What is Methadone?
Methadone is a synthetic opioid drug typically prescribed for treating severe pain. It is commonly also used as a solution to assist rehabilitation for opioid addicts – especially those using heroin. Methadone maintenance is most common amongst the “therapeutic” use of methadone, it allows opioid addicts to ween themselves off from use of any opioid substance— including methadone itself. Despite the “therapeutic” use of methadone, this medication can often become its own addiction, as users depend on methadone after discontinuing use of other opioids.
Methadone utilizes and attaches to the same receptors as morphine and heroin, which allows it to stabilize patients and minimize the painful withdrawal symptoms they may be experiencing when they detox. While this is a legal substance, it is understood that there is a very high likelihood of users becoming addicted to it. Illegal use of methadone can lead to extreme physical and mental dysfunction.
Following in line with other drugs that contribute to The Opioid Crisis, much of the abuse and misuse of Methadone happens simply by receiving prescriptions. Due to its potency, it is much easier to overdose on methadone than on many other opioids. It is especially lethal if mixed with other drugs, be them prescription or illegal.
Common Side Effects Include:
- Nausea and Vomiting
- Impaired Balance
Overdose Symptoms Include:
- Heart Attack
- Being unable to stay Awake
- Blue tinted skin and fingers
Because of the lethality of methadone use, it is imperative that if you are using the medication that you ONLY use it as a doctor has prescribed, and even then, it is important to be very careful. If side effects begin to kick in, you should get medical attention immediately. Methadone builds up inside the body over time, so even taking one dose more than recommended can lead to an overdose.
Compared to other painkillers, methadone has a very long half-life. It can stay in the body for upwards of 50 hours or more. However, the painkilling benefits end after about eight hours. As an addiction solution, this is beneficial because it will alleviate withdrawal longer without additional uses, but for pain relief it becomes challenging. Even slightly overusing methadone can lead to death.
Compared to many other opiates, Methadone’s withdrawal effects are less severe. Many other opiates leave the body quickly, resulting in quicker onset of withdrawal and more acute symptoms. Methadone can last in the body for nearly three days straight – causing symptoms to onset slower. It was originally created to treat heroin addiction and other addictions, so this also causes it to have slightly less effects.
That being said, Methadone withdrawal can include:
- Muscle Aches
- Nausea and Vomiting
Not everybody suffers all the symptoms or the most severe ones; the severity of symptoms usually depends on the length and frequency of methadone abuse. Age and overall health profile can also have something to do with how severe the withdrawal is from any drug. Methadone is traditionally prescribed to treat an opiate addiction, and then the methadone maintenance can develop into methadone dependence or another addiction you need to treat.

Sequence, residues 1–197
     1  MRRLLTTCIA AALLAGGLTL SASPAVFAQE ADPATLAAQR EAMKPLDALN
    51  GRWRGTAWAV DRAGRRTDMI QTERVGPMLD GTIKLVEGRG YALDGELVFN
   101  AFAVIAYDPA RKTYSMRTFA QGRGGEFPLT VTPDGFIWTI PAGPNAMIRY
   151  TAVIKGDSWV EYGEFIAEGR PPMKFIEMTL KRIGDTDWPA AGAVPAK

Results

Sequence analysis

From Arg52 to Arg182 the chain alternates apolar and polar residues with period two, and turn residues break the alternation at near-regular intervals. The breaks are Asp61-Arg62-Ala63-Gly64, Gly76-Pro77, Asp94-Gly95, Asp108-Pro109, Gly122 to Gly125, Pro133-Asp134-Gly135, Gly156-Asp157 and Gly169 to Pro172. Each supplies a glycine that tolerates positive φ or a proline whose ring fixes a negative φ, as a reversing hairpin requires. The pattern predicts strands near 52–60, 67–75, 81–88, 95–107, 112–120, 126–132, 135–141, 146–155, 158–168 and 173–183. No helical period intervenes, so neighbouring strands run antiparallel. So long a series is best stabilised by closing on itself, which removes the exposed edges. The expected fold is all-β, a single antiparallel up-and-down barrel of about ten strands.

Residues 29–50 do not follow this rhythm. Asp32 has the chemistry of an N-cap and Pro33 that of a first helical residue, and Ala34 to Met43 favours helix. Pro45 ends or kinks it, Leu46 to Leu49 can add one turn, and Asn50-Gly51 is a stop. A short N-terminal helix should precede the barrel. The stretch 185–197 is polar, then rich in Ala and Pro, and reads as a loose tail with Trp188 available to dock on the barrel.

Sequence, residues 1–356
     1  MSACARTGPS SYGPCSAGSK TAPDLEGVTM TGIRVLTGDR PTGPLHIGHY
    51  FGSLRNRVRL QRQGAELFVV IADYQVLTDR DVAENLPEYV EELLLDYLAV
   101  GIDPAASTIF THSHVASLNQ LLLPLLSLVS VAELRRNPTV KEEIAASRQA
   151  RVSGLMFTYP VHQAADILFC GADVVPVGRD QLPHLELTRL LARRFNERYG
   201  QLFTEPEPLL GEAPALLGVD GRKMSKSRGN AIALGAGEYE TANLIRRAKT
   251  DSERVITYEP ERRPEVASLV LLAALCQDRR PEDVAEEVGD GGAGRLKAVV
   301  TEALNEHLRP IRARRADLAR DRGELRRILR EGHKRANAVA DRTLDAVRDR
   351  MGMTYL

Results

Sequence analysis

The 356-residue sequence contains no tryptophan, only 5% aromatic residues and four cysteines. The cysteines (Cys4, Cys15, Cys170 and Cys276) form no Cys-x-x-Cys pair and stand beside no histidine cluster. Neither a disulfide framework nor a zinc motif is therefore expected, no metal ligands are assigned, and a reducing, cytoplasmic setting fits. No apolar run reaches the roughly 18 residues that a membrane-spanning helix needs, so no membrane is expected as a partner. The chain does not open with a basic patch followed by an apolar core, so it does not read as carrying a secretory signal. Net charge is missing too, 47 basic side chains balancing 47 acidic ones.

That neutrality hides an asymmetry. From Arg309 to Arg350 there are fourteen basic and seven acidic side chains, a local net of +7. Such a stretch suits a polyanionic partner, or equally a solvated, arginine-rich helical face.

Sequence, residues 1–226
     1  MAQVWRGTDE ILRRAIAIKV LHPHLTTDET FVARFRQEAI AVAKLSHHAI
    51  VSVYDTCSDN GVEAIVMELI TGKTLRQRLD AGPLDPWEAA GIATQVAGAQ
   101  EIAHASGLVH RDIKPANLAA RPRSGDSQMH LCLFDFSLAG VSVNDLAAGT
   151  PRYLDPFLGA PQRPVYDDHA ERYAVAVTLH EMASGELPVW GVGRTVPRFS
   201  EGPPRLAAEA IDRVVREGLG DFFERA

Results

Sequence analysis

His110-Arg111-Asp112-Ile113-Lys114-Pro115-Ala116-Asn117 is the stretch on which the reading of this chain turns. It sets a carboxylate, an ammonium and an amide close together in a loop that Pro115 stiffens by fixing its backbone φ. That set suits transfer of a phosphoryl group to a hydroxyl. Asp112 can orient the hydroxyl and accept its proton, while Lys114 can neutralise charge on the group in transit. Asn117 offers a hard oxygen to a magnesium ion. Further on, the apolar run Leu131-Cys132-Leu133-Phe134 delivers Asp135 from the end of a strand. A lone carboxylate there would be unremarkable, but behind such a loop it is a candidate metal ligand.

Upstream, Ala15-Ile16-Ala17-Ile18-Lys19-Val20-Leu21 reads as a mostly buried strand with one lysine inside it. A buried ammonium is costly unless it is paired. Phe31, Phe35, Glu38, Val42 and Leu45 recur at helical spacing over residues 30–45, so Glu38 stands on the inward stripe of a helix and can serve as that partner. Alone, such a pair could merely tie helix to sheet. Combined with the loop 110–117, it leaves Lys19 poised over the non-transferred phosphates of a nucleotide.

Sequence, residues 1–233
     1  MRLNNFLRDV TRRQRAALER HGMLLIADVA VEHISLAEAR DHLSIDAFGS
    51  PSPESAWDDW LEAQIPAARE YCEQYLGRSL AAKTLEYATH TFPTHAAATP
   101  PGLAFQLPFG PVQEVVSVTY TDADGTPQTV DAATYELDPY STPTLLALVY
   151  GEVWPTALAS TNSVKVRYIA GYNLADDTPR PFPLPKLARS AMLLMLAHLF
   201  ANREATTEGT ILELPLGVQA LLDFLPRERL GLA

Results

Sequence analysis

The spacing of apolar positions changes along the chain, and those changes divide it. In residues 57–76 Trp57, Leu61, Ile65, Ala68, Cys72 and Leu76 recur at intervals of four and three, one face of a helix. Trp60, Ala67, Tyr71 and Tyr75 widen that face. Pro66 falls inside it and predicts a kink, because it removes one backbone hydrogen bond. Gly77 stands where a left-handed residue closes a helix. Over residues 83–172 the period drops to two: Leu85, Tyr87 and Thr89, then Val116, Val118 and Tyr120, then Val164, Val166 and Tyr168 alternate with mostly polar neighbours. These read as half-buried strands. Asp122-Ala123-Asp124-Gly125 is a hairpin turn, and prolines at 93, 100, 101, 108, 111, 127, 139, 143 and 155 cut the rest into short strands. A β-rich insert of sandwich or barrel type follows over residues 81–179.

Methadone Detox Meds
In methadone withdrawal, relief during the five to ten days of these symptoms can be provided through various medications including:
Buprenorphine (Subutex or “subs”)
Buprenorphine with naloxone (Suboxone or “subs”)
These detox medications aim to ease the physical discomfort and help the user get some rest and relaxation. Warm baths, mild exercise, electro-chemically balanced nutrition, and the compassionate support of recovery-sensitive physicians, nurse, and counselors help ease a person through withdrawal. At Royal Life Centers, we make sure that all of our guests are given the same level of love and care so that they can start their life of sobriety with success.
Methadone detox medicine such as buprenorphine should be discontinued as soon as possible because buprenorphine maintenance can change into buprenorphine addiction, just like how methadone maintenance turned into methadone dependence or methadone addiction.
What happens after medical detox?
Following medical detox at Royal Life Centers, guests will begin a comprehensive, collaborative approach to substance abuse treatment designed to support physical, mental and spiritual wellness. We offer a variety of detox options for treating drug addiction beyond just methadone. Our program helps to promote a lasting, sober lifestyle through sobriety and beyond. Our addiction specialists, from our therapists and case managers to our facility staff, are dedicated to providing the best in care and support. Our holistic, evidence-based approach to psychotherapy incorporates individual and group sessions. We use other holistic methods, such as art, music and animal therapy to help our guests to learn to express themselves and communicate. Our treatment features state-of-the-art activity, movement, and adventure therapies to create one program that treats mind, body, and spirit. At Royal Life Centers, we believe that emotional healing is just as important as physical healing.
Guests may begin their recovery journey in our residential inpatient program and continue with us through PHP, IOP, OP, and sober living at our graduate housing residences. At Royal Life Centers, the guest is always our top priority, and we consistently do all we can to effect lasting change, that they might continue to lead healthy, sober lives long after they have left our care. This is not just our goal, but our mission.
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